With the Indian monsoon still in full flow, I’ve taken shelter back in Bali. Last time I came here, I felt that I had rinsed Ubud of all the yoga it could offer. So, this time, I decided to check out the surf & upcoming yoga hotspot of Canggu.
I’ve been practicing at the conveniently named shala, The Practice. Here, they teach traditional tantric Hatha yoga. The last 6 weeks or so I’ve been doing a lot of Vinyasa (fast-flowing, sweaty yoga) so it’s been nice to slow things down and really take back control of the breath. Hatha, quite literally means balancing of the Sun (Ha) and Moon (Tha) energies. Here is a summary of both:
Sun (Yang) qualities — Energising, hot, active, masculine, bright, moving, heavy, solid. Good for those who are feeling lazy, stagnant, inactive or slothful.
Moon (Yin) qualities- Calming, cooling, passive, feminine, dark, still, light, spacious. Good for those who have a busy overthinking mind, feel anxious, are easily rattled and like to move.
A simple understanding of the above can be very powerful if you want to balance the mind. Traditionally, Sun yoga is practiced at sunrise and Moon Yoga is practiced at sunset. It makes a lot of sense when you think about the qualities each bring. We want to feel energized before starting our daily activities and once those activities are completed we want to calm the mind and relax before sleep. I’ve been very fortunate to experience this potent combination over the last two weeks. My day looks like this:
7am to 10:30am- Sun Yoga
4pm to 7:30pm — Yin followed by Moon Yoga
On an energetic level, Sun Yoga involves inhaling more often then exhaling i.e. inhaling for 8 counts, exhaling for 4 counts. This will be paired with backbends to really open the lungs and ready them for ripe oxygen absorption. Backbends also bring a bit of heat and sometimes fire into the lower back. The breathing pattern is reversed for Moon Yoga and the poses consist of forward folding and twists. For those more familiar with the intricacies of Yoga, the teachers will also advise the application of bandhas. Bandhas are interior locks to channel the energy in a specific direction or area, usually from the base of the spine up towards the crown of the head. The ultimate goal of Yoga is to unify the individual consciousness with the cosmic consciousness. Synchronising the body with the daily cosmic cycles provides a little practical glimpse of how such a unity can be practically achieved.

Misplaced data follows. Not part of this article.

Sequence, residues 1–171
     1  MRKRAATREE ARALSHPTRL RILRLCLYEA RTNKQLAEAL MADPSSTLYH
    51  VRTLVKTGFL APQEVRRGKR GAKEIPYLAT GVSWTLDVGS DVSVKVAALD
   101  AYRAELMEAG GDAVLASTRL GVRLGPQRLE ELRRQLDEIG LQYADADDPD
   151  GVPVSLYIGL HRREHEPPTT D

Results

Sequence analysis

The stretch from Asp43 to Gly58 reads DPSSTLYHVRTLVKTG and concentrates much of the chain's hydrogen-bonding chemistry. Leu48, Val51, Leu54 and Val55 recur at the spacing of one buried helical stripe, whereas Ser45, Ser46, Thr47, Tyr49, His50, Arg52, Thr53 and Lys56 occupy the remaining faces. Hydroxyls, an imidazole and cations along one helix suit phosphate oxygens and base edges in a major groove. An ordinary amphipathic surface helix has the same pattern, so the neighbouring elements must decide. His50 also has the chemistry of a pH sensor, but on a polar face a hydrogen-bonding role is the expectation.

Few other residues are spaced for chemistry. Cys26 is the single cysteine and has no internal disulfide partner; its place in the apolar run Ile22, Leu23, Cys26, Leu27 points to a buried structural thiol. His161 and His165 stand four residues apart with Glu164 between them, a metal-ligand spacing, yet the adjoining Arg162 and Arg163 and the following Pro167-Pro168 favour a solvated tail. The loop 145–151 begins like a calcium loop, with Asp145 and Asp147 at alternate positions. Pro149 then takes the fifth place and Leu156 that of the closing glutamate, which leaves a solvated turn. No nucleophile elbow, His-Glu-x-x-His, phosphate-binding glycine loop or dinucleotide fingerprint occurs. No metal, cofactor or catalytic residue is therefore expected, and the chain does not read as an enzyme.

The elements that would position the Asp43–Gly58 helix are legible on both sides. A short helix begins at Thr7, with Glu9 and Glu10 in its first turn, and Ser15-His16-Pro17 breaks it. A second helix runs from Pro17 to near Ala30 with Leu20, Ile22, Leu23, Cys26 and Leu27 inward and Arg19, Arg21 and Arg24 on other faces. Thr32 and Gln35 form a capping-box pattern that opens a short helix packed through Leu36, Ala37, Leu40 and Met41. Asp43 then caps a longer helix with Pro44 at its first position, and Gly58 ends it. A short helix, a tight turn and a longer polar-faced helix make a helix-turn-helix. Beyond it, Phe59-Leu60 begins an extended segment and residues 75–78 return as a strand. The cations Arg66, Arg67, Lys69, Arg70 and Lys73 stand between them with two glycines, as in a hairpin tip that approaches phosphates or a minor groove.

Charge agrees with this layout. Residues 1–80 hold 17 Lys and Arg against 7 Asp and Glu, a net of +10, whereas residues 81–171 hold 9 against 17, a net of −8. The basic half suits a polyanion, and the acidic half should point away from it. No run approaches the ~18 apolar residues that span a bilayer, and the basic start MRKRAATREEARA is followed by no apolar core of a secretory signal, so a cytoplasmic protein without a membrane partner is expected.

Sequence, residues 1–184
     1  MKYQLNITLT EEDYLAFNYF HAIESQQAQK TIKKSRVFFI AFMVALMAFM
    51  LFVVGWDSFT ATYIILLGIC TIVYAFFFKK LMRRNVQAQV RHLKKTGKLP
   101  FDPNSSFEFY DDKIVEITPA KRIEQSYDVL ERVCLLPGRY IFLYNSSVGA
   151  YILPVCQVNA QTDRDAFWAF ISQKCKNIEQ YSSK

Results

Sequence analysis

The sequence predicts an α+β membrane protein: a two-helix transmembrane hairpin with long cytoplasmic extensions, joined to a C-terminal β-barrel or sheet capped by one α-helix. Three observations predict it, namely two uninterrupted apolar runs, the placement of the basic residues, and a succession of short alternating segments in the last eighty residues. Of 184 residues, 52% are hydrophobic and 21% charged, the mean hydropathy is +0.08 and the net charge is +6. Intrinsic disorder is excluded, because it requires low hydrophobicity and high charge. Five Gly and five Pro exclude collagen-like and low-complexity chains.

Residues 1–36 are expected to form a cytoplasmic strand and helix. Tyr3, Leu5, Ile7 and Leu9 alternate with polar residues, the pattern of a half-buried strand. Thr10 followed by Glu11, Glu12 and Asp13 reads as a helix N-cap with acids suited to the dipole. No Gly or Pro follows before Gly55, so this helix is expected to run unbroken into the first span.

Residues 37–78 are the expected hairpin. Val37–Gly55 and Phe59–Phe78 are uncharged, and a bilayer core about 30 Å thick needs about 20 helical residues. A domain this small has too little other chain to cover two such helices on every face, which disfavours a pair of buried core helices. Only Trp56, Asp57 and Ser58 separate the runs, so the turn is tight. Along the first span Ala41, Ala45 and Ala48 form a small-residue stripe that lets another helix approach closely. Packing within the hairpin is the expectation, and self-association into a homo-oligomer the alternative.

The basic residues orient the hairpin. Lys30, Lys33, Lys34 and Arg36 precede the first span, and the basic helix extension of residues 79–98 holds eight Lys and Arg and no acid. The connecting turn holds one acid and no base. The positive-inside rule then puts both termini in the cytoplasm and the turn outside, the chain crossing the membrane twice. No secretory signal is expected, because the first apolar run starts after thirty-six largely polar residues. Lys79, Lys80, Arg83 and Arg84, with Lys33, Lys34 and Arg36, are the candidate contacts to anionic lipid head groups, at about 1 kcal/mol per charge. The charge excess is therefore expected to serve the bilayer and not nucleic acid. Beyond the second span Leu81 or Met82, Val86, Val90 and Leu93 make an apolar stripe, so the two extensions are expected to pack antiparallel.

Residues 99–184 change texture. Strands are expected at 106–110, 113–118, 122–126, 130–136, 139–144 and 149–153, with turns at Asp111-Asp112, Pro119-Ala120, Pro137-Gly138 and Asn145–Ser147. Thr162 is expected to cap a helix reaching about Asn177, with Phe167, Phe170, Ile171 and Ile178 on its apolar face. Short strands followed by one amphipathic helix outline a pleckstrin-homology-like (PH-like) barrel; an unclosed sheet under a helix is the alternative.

The overall affect has been profound. Ever since I started practicing 5 months ago, there was a definite boundary on the yoga mat and outside of class. I didn’t extend those techniques that I learnt on the mat, off the mat. It wasn’t even on my radar and so there was no desire. Perhaps the first major shift off the mat occurred back in Ubud when I realised the importance of conscious eating and the affect it had on my mood. Since then, I’ve noticed more subtle observations. They’ve come in many different forms, from realising and limiting my use of the internet, assessing my spinal posture, breathing patterns, habits when I’m hungry and cravings for sugar! They actually have a saying here at the practice, “on and off the mat” and teacher also said, “If you’re a yogi, there is no holiday from yoga”. Fortunately for me, the extension of yogic practices off the mat has happened naturally with minimal aversion. Reverse integration if you like, something which has been a rather pivotal moment for me.